Personally, I’ve only heard of them from people like Seth Godin and others that use them. But for myself, never. And that can be said for most people I know. That is, until as of late.

I was asked the other day if I seen that new “search thingy” Apple is putting in Safari? So, as usual, I started digging to find out what they were talking about and I what I found was interesting in a few ways. And they are these:

  • They now can appear as an “add-on extension” if you enable it right next to your search bar in Safari. The ease to click on, and use is basically frictionless.
  • Although far from as “deep” as Google appears to be, it does seem to give (at least for myself anyways) enough results for that “quick hit” when needed. Google of late (again, my opinion) has been near pitiful in comparison to what it was just a few years ago. If it isn’t a “recommended” its “we’ve cut your inquiries from 500,000 pages to just the 3 we think are most relevant.” Then when you try bypassing it (because page 146,429 might be the page I’m willing to scroll through to get what I need.) All you get is the same thing over, and over, and over again till you jettison the query altogether in frustration.
  • And don’t get me started on how you can be “alerted” should you want to know if your name or a specific issue makes the news or web. It has devolved into something beyond useless and more into pathetic territory.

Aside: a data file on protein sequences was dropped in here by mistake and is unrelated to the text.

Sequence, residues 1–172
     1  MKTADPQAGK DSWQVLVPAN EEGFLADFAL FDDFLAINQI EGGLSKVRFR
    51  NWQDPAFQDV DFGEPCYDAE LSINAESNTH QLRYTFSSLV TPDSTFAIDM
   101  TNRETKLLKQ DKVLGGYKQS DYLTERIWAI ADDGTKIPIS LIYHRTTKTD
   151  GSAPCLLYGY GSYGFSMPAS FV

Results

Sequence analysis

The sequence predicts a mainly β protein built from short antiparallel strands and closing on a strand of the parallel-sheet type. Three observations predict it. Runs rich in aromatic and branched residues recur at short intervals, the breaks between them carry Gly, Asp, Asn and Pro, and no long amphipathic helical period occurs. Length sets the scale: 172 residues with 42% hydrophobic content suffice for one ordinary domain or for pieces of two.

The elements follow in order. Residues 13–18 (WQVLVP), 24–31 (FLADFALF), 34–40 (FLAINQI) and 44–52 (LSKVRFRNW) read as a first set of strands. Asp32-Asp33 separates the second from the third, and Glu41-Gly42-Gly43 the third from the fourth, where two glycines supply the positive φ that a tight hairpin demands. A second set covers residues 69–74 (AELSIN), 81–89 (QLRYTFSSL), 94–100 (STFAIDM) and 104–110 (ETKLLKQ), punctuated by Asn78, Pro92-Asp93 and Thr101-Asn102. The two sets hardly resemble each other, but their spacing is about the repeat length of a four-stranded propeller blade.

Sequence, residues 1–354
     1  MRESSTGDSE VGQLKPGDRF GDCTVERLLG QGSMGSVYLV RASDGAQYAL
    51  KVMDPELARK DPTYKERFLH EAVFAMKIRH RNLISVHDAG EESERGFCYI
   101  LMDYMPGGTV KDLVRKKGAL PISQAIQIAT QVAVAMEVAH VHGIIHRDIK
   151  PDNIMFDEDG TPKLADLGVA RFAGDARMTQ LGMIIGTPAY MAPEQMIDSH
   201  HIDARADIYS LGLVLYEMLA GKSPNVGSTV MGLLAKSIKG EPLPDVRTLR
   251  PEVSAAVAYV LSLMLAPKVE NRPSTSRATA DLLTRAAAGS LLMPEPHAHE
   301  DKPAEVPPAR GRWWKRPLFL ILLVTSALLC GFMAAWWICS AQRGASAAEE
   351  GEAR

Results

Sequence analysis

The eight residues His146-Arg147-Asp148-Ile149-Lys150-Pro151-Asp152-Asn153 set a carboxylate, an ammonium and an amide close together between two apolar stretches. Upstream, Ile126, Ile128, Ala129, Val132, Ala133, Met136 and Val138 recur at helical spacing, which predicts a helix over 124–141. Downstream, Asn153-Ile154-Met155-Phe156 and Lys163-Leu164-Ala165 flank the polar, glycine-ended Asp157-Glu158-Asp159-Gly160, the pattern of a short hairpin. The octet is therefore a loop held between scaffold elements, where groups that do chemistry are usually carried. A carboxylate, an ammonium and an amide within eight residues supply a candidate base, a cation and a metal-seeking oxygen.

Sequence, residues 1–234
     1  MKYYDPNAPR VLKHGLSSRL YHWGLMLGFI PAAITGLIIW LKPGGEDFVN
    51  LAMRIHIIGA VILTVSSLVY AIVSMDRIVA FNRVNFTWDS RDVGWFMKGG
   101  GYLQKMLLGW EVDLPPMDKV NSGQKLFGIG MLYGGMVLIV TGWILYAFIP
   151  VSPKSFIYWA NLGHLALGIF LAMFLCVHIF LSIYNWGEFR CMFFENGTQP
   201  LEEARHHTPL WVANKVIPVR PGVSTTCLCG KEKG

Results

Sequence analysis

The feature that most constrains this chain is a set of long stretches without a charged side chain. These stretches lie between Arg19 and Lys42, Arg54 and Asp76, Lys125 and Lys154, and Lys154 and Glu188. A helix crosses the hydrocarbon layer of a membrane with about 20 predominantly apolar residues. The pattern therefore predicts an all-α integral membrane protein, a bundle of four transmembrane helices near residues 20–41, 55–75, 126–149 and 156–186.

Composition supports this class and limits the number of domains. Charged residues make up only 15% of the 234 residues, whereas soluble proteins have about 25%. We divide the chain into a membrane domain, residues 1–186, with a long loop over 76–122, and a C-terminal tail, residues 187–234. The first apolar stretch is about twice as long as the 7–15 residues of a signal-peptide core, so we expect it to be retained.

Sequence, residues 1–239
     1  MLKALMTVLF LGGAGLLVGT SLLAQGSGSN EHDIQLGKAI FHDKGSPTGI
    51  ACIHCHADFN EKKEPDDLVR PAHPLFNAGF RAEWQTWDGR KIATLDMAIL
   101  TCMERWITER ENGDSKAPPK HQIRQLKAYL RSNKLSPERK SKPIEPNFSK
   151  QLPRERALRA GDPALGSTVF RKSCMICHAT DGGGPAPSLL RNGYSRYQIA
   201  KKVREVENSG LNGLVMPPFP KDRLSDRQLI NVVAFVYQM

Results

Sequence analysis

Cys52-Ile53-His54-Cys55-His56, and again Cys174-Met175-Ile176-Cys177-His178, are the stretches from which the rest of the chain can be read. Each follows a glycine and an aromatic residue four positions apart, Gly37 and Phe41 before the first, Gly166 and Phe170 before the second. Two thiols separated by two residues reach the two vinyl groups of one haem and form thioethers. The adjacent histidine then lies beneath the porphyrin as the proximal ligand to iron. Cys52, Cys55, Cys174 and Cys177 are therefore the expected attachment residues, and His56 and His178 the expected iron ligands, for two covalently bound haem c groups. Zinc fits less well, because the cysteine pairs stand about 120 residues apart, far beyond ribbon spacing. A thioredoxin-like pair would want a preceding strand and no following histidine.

But here is where things get truly interesting which I found when looking into their traffic history. To wit:

(screenshot source)

What the above chart shows is relevant for this reason: As one can see there are the letters A,B,C, et cetera. Those represent news stories relevant to the traffic patters. (much like Google does) The letter of note is “B.” Why? Because that is when Google announced its first real policy change basically stating they were combining and consuming all your data. And there was no way for you to “opt out” unless you opted out of Google entirely.

It’s here that traffic begins the much touted “hockey stick” effect and has gone nearly straight up ever since. The other letters on the above graph are significant for two reasons. One: They relate to privacy concerns. And Second: D, E represents when they were first added to other browsers such as earlier Safari releases, then Mozilla™.

That’s a near 300% increase in search queries per day in just 2 years, but a near 6-fold increase since the Google revelation just 5 years ago when basically, all this privacy thinking was looked upon as “So what?” territory.

Now? It’s all front-of-mind, and people are ready to make changes. Using myself as the example – I already have. And I can tell you this: I’ve cut my own usage of Google services such as: Search. Gmail, and such by at the least 75%. All proactively, as in, I made myself do it even though at first it was a bit irritating breaking my prior habits.

Trust me, if I’m doing it, you can rest assured others are too. And that’s a very big problem for Google. Why?

If there’s just a 5% shift in negative ad revenue for Google – it would probably take the equivalent of far, far greater miss in iPhone sales to hurt Apple in the same manner. Apple can have diminishing numbers when it comes to its hardware, including he iPhone. Especially if it can show (better yet, prove) that its ecosystem is growing ever stronger.

Google can not afford the same. Because just the slightest downdraft in ads-for-eyeballs income will signal Wall Street it’s time to start taking their profits elsewhere.

If I’m correct, the next thing to go “ballistic” just might be the aforementioned line on the graph above.

© 2017 Mark St.Cyr